Nintendo DSi XL Review


Nintendo started its trend of ‘extra-large’ DS models with the DSi XL back in 2010, turning an already incredible portable console into a larger, smarter, more accessible iteration. The 2DS XL and 3DS XL live on as its successors today.

While the DSi and DSi XL design is similar to that of the DS Lite, the dual screens on this are 93% bigger than on the regular DSi and DS Lite – with a wider viewing angle. The handheld  supports internal and external content storage, has built in Wi-Fi and features two digital cameras. The 3 megapixel cameras look rather rubbish, compared to cameras used on most modern devices, but luckily I won’t be using them much.

The DSi XL has a glossy finish on the outside – which looks nice and shiny when it’s new. However, it can easily attract lots of finger prints on the surface and scratches are more visible. I noticed that the bottom of the handheld has a matte finish, which is perfect for when you’re resting the DSi on a table or surface. I still wonder to this day why Nintendo didn’t give you the option of choosing between a matte or gloss finish – maybe they just thought it looked cooler?

Apart from the annoying gloss finish on the lid and poor camera quality, I think Nintendo did a really good job on the Hardware. The design feels refined, and there’s many colours and themes to choose from. I also noticed that the hinges stop the screen at 120° in addition to the original DSi’s position of 155° to allow easier table-top viewing – which is rather useful!


The Nintendo DSi XL is nice and comfortable to hold in your hands, and a lot better in my opinion compared to the smaller DSi and DS Lite. Also due to its larger size, you’ll struggle to fit it into your pocket, and will most likely need to invest in a protective case to carry it about. The DSi XL does comes with a larger stylus, which I find nice and comfortable to use, but unfortunately doesn’t slide into the DSi XL. You will need to use the smaller stylus instead, if you don’t want to risk loosing the larger stylus when you’re on the go.

Battery Life

There’s a 1050 mAH rechargeable battery, which lasts 4 to 17 hours depending on various factors including the light settings and how many times the player has charged the system.


All DS games are compatible with the DSi and DSi XL, except those that require the GBA slot. The DSi XL comes pre-loaded with three DSi Ware games such as Dr Kawashima’s Brain Training: Arts Edition, Dictionary: 6 in 1 and Flipnote Studio. There’s also a web browser built into the DSi, along with other applications made by Nintendo e.g. DSi Sound, DSi Camera, PictoChat, DS Download Play and finally the DSi Shop – for purchasing and downloading DSi Ware games and applications from the store.

The DSi Shop ceased activity on March 31, 2017, but DSiWare games and apps on the Nintendo eShop are unaffected. The last DSiWare software title to be released was Crazy Train, which was released in the United States on January 28, 2016.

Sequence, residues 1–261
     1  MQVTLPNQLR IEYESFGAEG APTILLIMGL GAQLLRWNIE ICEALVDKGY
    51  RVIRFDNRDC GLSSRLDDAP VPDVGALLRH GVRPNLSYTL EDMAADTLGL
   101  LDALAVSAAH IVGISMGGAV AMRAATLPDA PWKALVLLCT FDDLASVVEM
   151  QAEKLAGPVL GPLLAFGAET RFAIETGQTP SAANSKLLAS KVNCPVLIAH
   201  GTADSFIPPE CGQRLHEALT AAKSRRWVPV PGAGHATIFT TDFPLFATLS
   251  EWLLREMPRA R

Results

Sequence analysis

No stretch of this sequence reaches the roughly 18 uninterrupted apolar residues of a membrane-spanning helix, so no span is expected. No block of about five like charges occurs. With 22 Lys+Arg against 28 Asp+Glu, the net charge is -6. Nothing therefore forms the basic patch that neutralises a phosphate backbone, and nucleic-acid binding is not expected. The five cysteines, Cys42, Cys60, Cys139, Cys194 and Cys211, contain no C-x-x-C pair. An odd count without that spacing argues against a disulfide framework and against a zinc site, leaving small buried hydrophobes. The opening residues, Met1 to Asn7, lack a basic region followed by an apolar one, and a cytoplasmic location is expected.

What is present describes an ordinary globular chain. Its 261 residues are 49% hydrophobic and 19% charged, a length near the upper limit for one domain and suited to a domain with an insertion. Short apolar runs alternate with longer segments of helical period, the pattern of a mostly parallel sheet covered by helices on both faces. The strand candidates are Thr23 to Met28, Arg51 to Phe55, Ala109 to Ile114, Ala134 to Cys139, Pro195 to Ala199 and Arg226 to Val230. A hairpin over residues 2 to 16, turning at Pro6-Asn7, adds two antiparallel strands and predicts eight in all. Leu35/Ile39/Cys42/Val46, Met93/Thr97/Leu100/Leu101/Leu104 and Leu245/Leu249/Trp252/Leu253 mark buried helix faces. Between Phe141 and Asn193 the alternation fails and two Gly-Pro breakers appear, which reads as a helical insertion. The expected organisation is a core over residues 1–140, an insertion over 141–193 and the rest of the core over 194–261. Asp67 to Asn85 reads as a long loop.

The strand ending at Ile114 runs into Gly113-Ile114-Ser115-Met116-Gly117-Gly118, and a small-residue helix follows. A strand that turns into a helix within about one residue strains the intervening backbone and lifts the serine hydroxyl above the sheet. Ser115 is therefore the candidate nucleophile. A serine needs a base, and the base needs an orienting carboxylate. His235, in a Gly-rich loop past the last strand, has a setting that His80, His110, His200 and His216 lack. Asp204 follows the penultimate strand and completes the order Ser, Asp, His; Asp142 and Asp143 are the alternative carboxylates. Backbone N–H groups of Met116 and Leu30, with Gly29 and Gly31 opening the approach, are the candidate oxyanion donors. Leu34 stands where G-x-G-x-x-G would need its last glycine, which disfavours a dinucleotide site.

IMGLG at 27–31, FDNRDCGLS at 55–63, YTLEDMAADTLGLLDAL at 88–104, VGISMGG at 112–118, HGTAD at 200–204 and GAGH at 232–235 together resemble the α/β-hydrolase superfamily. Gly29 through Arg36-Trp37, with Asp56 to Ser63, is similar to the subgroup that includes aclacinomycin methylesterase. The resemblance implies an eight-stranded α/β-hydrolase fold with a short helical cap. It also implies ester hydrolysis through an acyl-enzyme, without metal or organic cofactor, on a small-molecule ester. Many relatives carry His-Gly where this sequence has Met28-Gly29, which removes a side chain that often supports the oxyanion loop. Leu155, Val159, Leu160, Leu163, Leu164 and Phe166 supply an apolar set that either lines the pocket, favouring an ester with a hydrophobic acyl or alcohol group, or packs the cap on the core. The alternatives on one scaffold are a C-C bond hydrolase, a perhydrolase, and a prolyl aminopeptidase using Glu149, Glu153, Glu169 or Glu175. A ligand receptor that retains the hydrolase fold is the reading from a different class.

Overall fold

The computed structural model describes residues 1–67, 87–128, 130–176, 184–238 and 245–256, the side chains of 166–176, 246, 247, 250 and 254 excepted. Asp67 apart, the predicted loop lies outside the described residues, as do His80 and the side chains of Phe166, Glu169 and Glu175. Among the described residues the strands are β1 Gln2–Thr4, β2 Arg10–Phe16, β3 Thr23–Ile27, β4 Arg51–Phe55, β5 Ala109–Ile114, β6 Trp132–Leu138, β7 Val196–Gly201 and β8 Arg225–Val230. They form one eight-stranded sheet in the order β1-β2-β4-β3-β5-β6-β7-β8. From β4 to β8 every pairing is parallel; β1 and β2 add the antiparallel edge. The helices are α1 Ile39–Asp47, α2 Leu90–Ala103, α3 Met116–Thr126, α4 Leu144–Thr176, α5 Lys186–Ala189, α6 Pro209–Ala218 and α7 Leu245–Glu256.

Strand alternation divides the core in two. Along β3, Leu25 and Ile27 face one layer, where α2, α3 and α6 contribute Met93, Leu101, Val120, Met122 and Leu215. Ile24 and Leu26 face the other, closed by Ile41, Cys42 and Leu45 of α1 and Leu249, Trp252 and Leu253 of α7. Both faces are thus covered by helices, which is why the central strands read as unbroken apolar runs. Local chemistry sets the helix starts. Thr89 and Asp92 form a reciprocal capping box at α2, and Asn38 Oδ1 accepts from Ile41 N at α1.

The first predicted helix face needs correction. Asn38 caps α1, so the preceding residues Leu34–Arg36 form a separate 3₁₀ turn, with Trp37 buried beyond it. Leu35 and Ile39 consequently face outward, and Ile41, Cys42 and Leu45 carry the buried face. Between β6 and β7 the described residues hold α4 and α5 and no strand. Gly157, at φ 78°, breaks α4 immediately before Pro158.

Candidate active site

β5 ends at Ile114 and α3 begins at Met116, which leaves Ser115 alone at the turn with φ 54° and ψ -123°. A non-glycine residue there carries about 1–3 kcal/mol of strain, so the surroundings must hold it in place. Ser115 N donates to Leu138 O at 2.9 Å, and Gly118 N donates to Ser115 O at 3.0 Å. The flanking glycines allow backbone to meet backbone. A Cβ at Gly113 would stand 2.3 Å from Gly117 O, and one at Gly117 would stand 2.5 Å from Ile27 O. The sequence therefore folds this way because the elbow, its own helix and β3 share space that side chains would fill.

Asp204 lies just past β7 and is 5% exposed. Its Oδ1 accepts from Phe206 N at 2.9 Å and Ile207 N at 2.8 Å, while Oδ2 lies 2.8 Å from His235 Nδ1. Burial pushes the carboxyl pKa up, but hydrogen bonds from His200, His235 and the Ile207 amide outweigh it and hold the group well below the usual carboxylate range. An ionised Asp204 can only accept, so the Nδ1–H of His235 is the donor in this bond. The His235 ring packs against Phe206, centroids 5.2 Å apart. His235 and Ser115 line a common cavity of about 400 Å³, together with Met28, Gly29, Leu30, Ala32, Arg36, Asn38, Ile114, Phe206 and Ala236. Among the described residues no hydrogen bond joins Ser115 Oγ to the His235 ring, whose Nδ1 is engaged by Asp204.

The Nintendo DSi XL is the The fourth iteration of the Nintendo DS, and was the first to start the trend of ‘extra-large’ DS models. The handheld was launched in Japan on November 21, 2009, and worldwide beginning in March 2010. Development of the DSi began in late 2006, and the handheld was unveiled during an October 2008 Nintendo conference in Tokyo. Consumer demand convinced Nintendo to produce a slimmer handheld with larger screens than the DS Lite. Consequently, Nintendo removed the Game Boy Advance (GBA) cartridge slot to improve portability without sacrificing durability.

Technical Specifications

  • CPUs – Two ARM architecture CPUs, ARM7 and ARM9.
  • RAM – 16 MB
  • Battery – A 1050 mAH battery
  • Sound – Stereo sound. There are two speakers on the top portion of the handheld. A headphone jack is on the side of the bottom portion.
  • Storage – The system can store 256 MB, though SD Cards can provide more space, up to a maximum of 32 GB with SDHC Cards.
  • Cameras – Two .3 megapixel cameras.
  • Wi-Fi – 802.11b/g wireless.
  • Top Screen – 3.36 inches long, 2.52 inches wide.
  • Bottom Screen – 3.36 inches long, 2.52 inches wide.
  • Pixels – 256 * 192 (49,152) per screen.
  • Media – DS game cards, SD cards (32 GB and under).

Final Verdict


  • Bigger screens
  • Wider viewing angle
  • Comfortable to use
  • Larger Stylus


  • Gloss finish on the lid is a finger print magnet!
  • Less portable
  • Both cameras look poor

For adult gamers (like me) The Nintendo DSi XL is a must, because it feels a hundred times more comfortable than the previous versions of the DS, which were essentially designed for children. Also, playing DS games on the larger screens feels a lot nicer (compared to playing on the smaller screens on the previous versions of the DS) and would even go as far to say this is the best way to experience DS games.

There’s a wider viewing angle too, which means someone sitting next to you can watch you play DS games (if they have nothing else to be doing) and you can see games at an awkward angle better. My only complaints are that the gloss finish on the lid can attract lots of finger prints, and scratches are more visible. Both cameras look poor compared to the ones used on most modern devices, and the device is a lot harder to fit into your pocket than the DS Lite or DSi.

All complaints aside, the DSi XL is definitely worth getting, especially if you’re an adult agamer!


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